Gerhard Friedrich Muller

Portrait of Gerhard Friedrich Müller

Historian, ethnographer
Born: Herford, Westphalia - 29 October, 1705
Died: Moscow - 22 October, 1783

One of the pioneers of the study of ethnography, Gerhard Müller was educated in the German city of Leipzig. He moved to Russia in 1725 and was one of the founding members of the Imperial Academy of Sciences. The main impact of his work can be found in the expeditions and studies undertaken in Siberia and Kamchatka. For 10 years he was part of a group of scientists who traveled through Siberia in order to document the peoples and cultures, and collect data for the creation of maps. Müller, as someone who was adept at describing and categorizing clothing, religions, and rituals of the many different Siberian ethnic groups, is considered to be the father of ethnography.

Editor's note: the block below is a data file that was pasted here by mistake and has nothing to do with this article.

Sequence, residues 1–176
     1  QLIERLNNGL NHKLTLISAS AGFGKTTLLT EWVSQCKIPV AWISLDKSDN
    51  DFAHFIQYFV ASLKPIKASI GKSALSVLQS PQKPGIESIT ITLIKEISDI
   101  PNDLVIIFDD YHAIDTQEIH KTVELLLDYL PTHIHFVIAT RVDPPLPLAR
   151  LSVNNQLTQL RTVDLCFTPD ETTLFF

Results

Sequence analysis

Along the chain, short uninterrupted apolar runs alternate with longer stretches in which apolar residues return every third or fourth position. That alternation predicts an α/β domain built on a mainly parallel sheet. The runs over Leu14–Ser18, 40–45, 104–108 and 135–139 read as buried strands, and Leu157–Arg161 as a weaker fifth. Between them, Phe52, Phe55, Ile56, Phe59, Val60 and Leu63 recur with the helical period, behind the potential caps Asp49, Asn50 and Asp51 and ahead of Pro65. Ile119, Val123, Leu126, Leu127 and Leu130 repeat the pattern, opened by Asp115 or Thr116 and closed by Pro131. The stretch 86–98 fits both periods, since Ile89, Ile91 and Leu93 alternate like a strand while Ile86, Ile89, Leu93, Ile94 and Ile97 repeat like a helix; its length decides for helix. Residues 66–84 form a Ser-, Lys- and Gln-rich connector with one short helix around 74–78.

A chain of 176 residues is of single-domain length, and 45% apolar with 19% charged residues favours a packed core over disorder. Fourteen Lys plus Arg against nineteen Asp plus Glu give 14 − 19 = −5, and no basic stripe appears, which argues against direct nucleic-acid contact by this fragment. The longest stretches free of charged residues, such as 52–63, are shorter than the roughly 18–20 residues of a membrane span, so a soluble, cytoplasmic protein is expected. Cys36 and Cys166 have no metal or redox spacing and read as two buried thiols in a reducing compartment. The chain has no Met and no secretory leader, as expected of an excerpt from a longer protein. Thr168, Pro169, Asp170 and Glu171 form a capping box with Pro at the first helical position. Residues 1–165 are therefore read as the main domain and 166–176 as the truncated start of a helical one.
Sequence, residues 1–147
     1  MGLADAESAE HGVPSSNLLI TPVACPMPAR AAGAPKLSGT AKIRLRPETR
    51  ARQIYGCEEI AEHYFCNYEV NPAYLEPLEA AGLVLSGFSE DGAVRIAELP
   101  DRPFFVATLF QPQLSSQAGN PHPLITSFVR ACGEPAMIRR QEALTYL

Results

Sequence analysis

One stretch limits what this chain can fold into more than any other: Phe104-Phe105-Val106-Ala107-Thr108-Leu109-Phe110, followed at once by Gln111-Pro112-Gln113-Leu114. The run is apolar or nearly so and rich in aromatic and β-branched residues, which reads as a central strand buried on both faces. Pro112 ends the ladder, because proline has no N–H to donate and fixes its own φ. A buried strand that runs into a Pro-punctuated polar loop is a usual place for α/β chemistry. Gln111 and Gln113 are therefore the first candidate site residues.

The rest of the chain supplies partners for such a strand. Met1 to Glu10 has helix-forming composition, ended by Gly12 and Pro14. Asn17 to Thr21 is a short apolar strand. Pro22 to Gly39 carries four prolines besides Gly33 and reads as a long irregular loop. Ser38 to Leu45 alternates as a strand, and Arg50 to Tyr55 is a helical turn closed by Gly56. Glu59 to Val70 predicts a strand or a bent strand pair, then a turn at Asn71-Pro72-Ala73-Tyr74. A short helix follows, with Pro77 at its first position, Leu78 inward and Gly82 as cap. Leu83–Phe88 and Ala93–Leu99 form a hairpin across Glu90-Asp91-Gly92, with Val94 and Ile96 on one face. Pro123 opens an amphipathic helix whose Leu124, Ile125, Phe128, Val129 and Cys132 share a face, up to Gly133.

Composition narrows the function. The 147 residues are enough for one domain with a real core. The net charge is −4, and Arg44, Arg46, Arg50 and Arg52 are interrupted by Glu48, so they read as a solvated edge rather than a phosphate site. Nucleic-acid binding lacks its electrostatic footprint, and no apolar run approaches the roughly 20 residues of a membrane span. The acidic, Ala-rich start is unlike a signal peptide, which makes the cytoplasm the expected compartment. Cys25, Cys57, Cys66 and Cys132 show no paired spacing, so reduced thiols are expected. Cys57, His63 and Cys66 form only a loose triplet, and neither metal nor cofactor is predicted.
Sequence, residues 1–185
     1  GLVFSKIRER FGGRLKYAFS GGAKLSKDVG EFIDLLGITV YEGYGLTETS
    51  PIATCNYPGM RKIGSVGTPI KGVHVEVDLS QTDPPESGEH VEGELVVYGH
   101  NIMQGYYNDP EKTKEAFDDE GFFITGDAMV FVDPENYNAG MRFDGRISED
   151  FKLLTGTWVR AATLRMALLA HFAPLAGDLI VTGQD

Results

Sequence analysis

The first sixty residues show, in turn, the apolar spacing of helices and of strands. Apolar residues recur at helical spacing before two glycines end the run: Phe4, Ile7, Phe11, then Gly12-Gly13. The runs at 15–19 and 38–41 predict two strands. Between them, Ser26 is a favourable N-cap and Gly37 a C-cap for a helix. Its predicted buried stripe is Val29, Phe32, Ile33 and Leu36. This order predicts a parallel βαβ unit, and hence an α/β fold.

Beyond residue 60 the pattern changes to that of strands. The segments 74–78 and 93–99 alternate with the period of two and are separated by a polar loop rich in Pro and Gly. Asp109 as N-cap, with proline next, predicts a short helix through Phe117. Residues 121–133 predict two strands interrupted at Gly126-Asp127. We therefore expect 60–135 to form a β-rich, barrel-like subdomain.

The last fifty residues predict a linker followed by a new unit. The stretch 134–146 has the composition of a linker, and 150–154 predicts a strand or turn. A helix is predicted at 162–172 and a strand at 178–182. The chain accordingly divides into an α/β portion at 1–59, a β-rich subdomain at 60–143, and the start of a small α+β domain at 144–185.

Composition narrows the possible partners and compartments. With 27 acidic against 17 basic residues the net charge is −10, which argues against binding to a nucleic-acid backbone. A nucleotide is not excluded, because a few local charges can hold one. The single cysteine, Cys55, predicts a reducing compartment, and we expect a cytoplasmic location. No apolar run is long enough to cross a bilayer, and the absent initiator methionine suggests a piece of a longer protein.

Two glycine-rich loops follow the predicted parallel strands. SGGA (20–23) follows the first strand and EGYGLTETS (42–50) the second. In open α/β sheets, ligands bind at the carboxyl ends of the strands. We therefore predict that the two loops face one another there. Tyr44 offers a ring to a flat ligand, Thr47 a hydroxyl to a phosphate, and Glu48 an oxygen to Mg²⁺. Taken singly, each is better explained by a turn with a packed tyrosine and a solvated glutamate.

When he returned from Siberia, Müller took the position of historiographer to the Russian Empire. This step marks one of the first times for a historian to develop the general history of Russia through the examination of documented sources. This was to be problematic for him as he ascribed more value in the role of Scandinavians and Germans in the formation of the country. After many attacks by his colleagues, Müller was moved to the position of keeper of the national archives in 1766.